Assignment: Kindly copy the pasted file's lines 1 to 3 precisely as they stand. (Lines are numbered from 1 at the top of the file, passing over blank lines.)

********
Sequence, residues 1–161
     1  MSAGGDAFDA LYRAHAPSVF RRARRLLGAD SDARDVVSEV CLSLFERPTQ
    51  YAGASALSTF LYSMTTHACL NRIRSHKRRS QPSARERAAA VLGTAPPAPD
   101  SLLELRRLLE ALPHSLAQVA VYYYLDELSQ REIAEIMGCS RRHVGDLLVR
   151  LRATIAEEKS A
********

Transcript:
Sequence, residues 1–161
     1  MSAGGDAFDA LYRAHAPSVF RRARRLLGAD SDARDVVSEV CLSLFERPTQ
    51  YAGASALSTF LYSMTTHACL NRIRSHKRRS QPSARERAAA VLGTAPPAPD